If you are scanning the photographs yourself, save them as either EPS or TIFF file formats as this will preserve the colour and clarity of your images. If you are scanning a printed item such as a magazine photo, you will need to ‘de-screen’ the image, blurring it slightly to avoid a moiré effect (see your scanning software manual for more details). GIF and JPEG file formats compress the image and actually discard certain information, causing colour
shifts and blurriness. You should try to avoid using either of these file formats. Unless you really do not have a choice, then you should save them(JPEG & GIF formats) in the highest quality setting. When you are scanning, consider the final size your image will be used at. You should at least scan photographs at 300dpi or at the appropriate size you are going to use them. There’s no point scanning a postage stamp at 300dpi and then blowing it up to a A4 size – use your scanning software to help you
calculate the output resolution.
Conversely, scanning photographs at more than 300dpi will have little or no effect on the actual printed quality and will unnecessarily increase file size and processing time. Don’t enlarge or reduce your scanned images in your drawing/vector software (such as Adobe Illustrator) It’s always best to use an image-editing application such as Adobe Photoshop for this task. When converting photographs from RGB to CMYK, refer to the settings on the left (from Photoshop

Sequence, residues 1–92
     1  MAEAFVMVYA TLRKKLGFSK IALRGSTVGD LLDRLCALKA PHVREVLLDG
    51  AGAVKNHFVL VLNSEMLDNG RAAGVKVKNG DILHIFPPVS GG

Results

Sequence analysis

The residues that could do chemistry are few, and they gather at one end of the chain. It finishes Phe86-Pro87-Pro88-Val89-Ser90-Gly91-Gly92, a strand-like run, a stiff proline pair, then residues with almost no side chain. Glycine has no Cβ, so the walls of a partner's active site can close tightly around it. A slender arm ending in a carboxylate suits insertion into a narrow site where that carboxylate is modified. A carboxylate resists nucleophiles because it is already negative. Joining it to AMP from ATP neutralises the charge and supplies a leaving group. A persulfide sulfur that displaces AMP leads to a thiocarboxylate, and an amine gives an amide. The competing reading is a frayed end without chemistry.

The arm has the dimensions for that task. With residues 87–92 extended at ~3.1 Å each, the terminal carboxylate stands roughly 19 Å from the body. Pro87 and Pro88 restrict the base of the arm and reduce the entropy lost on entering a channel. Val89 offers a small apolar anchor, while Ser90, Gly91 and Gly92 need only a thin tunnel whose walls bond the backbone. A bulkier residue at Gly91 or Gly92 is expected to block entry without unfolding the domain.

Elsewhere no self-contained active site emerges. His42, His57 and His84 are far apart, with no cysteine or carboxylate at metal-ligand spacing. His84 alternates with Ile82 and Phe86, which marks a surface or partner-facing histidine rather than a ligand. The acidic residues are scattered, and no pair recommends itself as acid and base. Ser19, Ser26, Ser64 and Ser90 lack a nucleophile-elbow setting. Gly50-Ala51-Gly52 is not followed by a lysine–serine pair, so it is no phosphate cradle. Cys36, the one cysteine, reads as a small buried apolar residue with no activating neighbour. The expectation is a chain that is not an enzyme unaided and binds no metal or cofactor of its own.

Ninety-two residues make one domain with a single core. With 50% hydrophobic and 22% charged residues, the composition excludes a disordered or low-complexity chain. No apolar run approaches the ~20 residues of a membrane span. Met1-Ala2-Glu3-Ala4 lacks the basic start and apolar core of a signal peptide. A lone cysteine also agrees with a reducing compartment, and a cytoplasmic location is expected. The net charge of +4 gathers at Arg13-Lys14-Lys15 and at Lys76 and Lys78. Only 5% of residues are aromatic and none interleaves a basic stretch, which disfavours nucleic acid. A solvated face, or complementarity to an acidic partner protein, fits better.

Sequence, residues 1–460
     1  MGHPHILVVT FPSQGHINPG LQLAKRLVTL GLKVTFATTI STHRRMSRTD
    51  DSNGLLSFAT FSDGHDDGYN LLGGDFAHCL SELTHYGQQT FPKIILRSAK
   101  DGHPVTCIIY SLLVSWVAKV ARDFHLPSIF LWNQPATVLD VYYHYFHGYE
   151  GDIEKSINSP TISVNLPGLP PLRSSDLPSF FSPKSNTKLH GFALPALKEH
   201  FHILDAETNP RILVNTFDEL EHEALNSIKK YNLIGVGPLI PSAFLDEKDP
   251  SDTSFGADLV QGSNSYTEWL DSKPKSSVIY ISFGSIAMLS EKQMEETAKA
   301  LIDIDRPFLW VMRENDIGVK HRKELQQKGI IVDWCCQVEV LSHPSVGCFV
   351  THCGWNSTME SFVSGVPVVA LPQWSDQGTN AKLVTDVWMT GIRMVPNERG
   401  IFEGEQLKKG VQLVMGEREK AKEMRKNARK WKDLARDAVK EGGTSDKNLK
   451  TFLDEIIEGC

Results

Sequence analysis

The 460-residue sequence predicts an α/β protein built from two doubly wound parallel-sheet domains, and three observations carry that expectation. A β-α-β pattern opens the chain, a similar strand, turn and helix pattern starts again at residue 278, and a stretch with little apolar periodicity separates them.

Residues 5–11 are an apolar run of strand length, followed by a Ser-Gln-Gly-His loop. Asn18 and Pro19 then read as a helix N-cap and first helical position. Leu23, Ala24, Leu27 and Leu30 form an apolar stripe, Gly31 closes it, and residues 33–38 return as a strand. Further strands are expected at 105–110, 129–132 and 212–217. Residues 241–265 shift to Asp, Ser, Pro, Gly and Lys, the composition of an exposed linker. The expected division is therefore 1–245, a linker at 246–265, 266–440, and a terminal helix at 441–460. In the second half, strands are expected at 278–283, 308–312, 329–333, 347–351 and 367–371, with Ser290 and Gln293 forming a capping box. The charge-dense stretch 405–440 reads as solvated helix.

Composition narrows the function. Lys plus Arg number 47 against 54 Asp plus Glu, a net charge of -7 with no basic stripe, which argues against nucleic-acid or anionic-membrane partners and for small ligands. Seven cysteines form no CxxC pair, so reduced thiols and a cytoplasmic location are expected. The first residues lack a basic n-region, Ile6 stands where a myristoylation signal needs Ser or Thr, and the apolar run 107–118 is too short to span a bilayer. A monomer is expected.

CS). In the ‘Edit’ menu choose ‘colour settings...’. From the window that appears, choose ‘custom CMYK’ from the list in the ‘CMYK’ section of ‘working spaces’.
Scan black and white line art (i.e. a logo), at 1200dpi for best results. Any lower, and the logo may look blurry. Pay careful attention to the CMYK makeup of any ‘black’ in your logo. The automatically-created Photoshop black, for example, provides 250% ink coverage. You may need to adjust the colour settings in your application to get a black that is made from 100% black ink. Make sure that any alpha channels are removed and all layers are flattened before finally saving
your image. You shouldn’t compress your image either, or it will cause problems. So LZW, JPEG and ASCII encoding are all not recommended. Don’t use DCS files, LAB colour, Duo-tones or Tri-tones either. Rather, you should convert them all to CMYK. Images to be used on the black & white reverse of a job should be saved as greyscale.